While demographic-specific targeted marketing is hardly unique to the gay community, the means used by marketers to sell to gay men certainly are. And why? Because much of the advertising targeting the gay community appears in publications widely read by non-gays too. Overt gay-targeted advertising would have the potential to 'scare away' or 'turn off' certain non-gay customers who, whether obviously homophobic or not, would prefer not to purchase goods or services they associated with homosexual identity.
So the challenge for marketers wishing to target a gay audience is that they need to communicate a gay-specific, seemingly-"pro-gay" message to the gay consumer, while not alienating non-gay consumers with varying degrees of homophobia. So companies like, among others, Abercrombie & Fitch, include intensely homoerotic scenes in their advertising, clearly hoping to garner the attention of trend-setting homosexuals everywhere. And at the same time, the things that are most intensely homoerotic are also ostensibly ambiguous. That is, it is precisely because the nearly-naked or (hey, let's be honest, if you look at some past Abercrombie & Fitch catalogs), entirely naked group of young, muscular men frolicking on the beach are playing football and making out with girls that gay men are so intrigued. This isn't a pornographic fantasy; this is, we are to believe, really what straight, attractive, American guys DO when nobody's looking. They frolic. They touch each other. They fondly laugh and grin at each other, comfortable with their bodies, their sexuality, and their lives.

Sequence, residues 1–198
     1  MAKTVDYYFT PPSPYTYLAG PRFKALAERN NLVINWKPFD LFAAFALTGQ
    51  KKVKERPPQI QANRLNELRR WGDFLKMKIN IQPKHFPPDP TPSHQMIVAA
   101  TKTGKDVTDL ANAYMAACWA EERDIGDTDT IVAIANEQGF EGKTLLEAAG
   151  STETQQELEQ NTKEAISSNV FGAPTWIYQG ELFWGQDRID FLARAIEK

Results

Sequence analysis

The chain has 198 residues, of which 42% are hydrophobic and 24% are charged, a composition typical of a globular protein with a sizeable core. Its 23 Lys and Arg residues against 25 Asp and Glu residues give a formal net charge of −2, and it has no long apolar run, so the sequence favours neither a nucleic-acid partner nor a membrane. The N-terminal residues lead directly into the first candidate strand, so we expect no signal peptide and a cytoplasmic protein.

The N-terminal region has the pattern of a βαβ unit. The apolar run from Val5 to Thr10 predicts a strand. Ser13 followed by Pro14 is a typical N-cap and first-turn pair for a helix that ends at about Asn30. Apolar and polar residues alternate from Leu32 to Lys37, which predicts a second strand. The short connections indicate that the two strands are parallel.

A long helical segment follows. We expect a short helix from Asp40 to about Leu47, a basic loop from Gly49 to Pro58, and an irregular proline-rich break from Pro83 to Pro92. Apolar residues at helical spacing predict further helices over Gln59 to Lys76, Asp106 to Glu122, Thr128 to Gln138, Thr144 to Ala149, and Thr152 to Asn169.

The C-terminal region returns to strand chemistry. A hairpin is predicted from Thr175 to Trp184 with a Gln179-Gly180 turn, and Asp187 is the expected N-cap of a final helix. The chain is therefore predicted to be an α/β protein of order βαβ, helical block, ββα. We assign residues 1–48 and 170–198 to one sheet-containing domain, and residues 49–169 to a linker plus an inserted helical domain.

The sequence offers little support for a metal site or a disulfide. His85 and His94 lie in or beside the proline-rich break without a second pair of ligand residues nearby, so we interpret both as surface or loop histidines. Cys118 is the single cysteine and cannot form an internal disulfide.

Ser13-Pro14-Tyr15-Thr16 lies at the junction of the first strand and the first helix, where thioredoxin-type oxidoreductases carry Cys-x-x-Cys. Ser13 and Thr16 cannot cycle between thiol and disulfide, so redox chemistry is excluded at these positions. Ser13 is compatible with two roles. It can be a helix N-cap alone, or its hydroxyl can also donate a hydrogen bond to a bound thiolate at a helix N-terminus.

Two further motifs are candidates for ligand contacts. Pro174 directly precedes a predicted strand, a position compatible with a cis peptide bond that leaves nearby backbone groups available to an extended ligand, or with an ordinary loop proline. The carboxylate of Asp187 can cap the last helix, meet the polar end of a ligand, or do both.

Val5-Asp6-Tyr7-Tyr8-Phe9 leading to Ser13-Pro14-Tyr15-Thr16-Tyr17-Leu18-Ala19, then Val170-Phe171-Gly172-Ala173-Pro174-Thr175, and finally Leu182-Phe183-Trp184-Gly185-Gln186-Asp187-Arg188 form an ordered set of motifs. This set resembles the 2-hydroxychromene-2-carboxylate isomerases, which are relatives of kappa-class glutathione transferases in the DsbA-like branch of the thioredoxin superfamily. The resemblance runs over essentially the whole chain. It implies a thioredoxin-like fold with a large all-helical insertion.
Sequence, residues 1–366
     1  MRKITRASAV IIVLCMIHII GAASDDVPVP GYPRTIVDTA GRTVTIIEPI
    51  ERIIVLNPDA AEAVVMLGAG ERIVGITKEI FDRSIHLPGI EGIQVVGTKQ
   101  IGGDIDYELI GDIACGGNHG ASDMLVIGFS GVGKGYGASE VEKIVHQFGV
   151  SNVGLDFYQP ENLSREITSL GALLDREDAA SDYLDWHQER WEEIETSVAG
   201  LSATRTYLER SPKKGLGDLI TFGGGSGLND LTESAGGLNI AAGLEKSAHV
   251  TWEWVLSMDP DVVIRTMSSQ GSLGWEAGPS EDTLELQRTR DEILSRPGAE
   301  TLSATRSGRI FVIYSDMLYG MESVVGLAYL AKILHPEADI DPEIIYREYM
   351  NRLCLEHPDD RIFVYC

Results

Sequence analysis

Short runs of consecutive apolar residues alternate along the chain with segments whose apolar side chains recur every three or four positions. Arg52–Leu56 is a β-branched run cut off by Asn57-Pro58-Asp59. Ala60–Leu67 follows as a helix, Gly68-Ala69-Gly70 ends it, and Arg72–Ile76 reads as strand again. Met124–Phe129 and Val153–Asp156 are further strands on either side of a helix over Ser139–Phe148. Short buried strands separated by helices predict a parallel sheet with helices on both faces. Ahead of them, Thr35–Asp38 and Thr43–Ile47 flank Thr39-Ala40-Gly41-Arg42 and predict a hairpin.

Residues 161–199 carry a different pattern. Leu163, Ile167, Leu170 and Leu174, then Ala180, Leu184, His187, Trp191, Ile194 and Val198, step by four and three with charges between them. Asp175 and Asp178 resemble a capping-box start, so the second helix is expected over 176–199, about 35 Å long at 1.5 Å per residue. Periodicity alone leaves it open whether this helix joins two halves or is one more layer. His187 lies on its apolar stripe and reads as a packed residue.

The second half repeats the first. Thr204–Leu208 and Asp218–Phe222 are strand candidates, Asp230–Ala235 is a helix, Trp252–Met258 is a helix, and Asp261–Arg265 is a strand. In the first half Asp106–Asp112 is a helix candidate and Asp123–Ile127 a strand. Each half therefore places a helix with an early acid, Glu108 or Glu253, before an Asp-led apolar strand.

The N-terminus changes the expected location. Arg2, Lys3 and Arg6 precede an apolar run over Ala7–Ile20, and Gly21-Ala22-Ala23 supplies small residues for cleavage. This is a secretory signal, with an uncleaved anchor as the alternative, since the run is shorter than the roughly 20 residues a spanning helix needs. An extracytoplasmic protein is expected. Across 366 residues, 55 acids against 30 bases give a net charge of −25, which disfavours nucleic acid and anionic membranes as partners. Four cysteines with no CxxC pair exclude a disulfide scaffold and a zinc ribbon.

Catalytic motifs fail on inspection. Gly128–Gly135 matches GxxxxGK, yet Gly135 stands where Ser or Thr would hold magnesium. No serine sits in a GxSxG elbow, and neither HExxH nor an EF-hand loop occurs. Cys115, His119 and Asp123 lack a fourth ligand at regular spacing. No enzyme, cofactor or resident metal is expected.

Of course, that's not truly how it is at all. But it's supposed to be just ambiguous enough to be believable. I mean, these aren't gay guys, after all. They're playing football! They're paying occasional romantic and erotic attention to females in various degrees of undress! The gay guys I know don't do that. So gay-coded advertisements sell a homoerotic-but-not-gay-cuz-overtly-gay-sucks fantasy to young gay men who wish they could be there too.
I argue that this clever (yet sinister) marketing technique produces serious, negative, secondary effects for the gay male community.
First, and most obviously, there is the problem of commoditizing the gay identity, such that one’s gay identity—if it is to be accepted as true and legitimate—must be purchased, often in the form of designer clothing. But this problem arguably exists for all market-worthy communities. The more unusual and virulent byproduct of gay-coded ads is the implicit message that the reason the ads are coded rather than overt is that gay identity should be hidden. Make no mistake; gay-coded ads are as heteronormative as overtly homophobic ads are. The difference? Rather than being rejected and boycotted by the gay community, the products in gay-coded advertisements are celebrated, devoured, espoused by gays. If, as is often said, branding sells an image and not just a product, then gay-coded ads are an ingenious (if sinister) invention; after all, it must take true genius to dream up the idea of selling homophobia to gay men.
How profoundly insulting.